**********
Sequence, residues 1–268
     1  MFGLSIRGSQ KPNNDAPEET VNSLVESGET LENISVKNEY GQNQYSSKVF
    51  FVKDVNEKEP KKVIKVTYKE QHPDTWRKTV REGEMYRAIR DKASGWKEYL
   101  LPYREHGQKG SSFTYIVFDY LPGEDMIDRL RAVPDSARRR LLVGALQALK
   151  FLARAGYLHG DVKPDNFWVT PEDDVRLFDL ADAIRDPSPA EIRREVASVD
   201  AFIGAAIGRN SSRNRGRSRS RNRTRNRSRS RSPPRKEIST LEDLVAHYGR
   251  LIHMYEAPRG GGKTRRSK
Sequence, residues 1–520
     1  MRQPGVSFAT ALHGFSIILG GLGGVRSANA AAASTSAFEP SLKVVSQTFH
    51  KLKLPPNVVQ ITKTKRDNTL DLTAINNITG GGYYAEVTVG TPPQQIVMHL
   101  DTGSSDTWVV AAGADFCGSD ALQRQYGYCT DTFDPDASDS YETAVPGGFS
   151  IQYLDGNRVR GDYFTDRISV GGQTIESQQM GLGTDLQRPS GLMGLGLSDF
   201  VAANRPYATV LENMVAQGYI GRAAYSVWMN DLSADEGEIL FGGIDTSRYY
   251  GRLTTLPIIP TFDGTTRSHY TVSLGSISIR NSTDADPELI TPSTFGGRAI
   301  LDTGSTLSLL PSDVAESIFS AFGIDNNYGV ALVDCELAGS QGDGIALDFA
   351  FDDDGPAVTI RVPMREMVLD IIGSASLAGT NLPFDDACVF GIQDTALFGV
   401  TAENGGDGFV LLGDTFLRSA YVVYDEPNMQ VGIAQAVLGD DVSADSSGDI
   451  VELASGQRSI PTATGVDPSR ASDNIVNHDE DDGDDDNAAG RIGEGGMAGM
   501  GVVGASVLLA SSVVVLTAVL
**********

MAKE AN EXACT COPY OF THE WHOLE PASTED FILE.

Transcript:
Sequence, residues 1–268
     1  MFGLSIRGSQ KPNNDAPEET VNSLVESGET LENISVKNEY GQNQYSSKVF
    51  FVKDVNEKEP KKVIKVTYKE QHPDTWRKTV REGEMYRAIR DKASGWKEYL
   101  LPYREHGQKG SSFTYIVFDY LPGEDMIDRL RAVPDSARRR LLVGALQALK
   151  FLARAGYLHG DVKPDNFWVT PEDDVRLFDL ADAIRDPSPA EIRREVASVD
   201  AFIGAAIGRN SSRNRGRSRS RNRTRNRSRS RSPPRKEIST LEDLVAHYGR
   251  LIHMYEAPRG GGKTRRSK
Sequence, residues 1–520
     1  MRQPGVSFAT ALHGFSIILG GLGGVRSANA AAASTSAFEP SLKVVSQTFH
    51  KLKLPPNVVQ ITKTKRDNTL DLTAINNITG GGYYAEVTVG TPPQQIVMHL
   101  DTGSSDTWVV AAGADFCGSD ALQRQYGYCT DTFDPDASDS YETAVPGGFS
   151  IQYLDGNRVR GDYFTDRISV GGQTIESQQM GLGTDLQRPS GLMGLGLSDF
   201  VAANRPYATV LENMVAQGYI GRAAYSVWMN DLSADEGEIL FGGIDTSRYY
   251  GRLTTLPIIP TFDGTTRSHY TVSLGSISIR NSTDADPELI TPSTFGGRAI
   301  LDTGSTLSLL PSDVAESIFS AFGIDNNYGV ALVDCELAGS QGDGIALDFA
   351  FDDDGPAVTI RVPMREMVLD IIGSASLAGT NLPFDDACVF GIQDTALFGV
   401  TAENGGDGFV LLGDTFLRSA YVVYDEPNMQ VGIAQAVLGD DVSADSSGDI
   451  VELASGQRSI PTATGVDPSR ASDNIVNHDE DDGDDDNAAG RIGEGGMAGM
   501  GVVGASVLLA SSVVVLTAVL